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Commercial Mortgage 101: Net Operating Income


Investors don’t usually decide to buy properties based on “curb appeal” or aesthetics—more likely, they buy the income stream from the property. Commercial real estate value is based on numbers and ratios, and the most important number to know is the net operating income for a property. The net operating income (NOI) is the single most important number used to determine value and financing options.


Net operating income is the gross income minus vacancy loss and operating expenses. It is not to be confused with cash flow (unless there is no debt on a property), since debt service is not considered part of operating expenses. In the same way, capital improvements are not considered an operating expense, nor is depreciation considered an operating expense (depreciation is considered a non-cash deductible expense and plays a role in determining taxable income—more on that later).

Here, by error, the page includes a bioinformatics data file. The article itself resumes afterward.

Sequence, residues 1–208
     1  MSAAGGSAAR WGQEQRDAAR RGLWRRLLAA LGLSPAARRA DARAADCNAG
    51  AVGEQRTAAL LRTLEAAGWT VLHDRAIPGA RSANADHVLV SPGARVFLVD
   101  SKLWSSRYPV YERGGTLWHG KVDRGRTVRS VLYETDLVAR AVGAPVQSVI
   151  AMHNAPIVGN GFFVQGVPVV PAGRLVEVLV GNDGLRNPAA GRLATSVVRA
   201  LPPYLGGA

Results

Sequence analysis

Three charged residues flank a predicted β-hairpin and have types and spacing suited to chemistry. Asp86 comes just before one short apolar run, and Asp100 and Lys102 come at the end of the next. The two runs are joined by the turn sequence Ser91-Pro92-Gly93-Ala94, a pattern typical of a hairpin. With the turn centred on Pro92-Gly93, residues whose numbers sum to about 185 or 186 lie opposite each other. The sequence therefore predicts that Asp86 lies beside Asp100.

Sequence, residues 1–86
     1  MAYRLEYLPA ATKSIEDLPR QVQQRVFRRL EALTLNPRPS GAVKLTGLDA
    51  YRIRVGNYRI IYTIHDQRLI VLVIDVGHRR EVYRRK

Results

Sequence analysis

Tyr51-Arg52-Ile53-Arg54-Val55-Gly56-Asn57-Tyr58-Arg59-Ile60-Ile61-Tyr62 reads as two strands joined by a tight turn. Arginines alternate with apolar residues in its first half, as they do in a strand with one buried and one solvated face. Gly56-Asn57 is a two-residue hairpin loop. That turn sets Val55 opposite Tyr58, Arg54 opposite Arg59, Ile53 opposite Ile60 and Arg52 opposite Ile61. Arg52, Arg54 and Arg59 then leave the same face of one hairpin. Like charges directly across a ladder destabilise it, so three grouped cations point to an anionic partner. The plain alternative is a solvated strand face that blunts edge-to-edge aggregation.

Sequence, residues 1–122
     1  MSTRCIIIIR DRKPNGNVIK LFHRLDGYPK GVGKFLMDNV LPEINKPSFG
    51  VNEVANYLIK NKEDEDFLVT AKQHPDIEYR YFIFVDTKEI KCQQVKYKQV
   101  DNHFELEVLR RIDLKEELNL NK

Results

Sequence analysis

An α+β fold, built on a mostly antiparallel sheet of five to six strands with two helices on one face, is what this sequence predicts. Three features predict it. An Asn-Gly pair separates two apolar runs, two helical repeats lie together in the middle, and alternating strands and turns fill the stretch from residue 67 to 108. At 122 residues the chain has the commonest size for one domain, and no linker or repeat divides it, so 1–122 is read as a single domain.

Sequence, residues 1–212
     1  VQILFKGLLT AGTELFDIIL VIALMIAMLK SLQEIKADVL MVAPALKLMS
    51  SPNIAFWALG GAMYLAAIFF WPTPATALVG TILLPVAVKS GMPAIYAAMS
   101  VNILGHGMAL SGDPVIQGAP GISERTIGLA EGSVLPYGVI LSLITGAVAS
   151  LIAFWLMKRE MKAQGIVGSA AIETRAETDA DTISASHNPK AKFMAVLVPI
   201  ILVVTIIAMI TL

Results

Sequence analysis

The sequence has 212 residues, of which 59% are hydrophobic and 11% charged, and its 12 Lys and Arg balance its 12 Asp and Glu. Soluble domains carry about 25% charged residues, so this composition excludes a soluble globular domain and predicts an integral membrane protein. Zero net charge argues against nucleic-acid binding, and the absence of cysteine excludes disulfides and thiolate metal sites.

• A simple way to calculate NOI is to use the following formula:

    Scheduled Gross Income + Other Income (Laundry, Garage, etc.)

    Less: Vacancy Factor = Effective Gross Income

    Less: Operating Expenses = Net Operating Income

    A quick rule-of-thumb that lenders and appraisers use to determine NOI for apartment properties in Southern California is to use a 5% vacancy factor and 35% operating expense ratio. The operating expense ratio is derived from the Effective Gross Income.

  • For example, let’s say an apartment property has an annual scheduled gross income of $100,000 andno other income. Using the rule-of-thumb outlined above:

    Schedule Gross Income $100,000
    Less: Vacancy @ 5% -5,000
    = Effective Gross income (EGI) $95,000
    Less: Operating Expenses @ 35% of EGI -$33,250
    = Net Operating Income (NOI) $61,750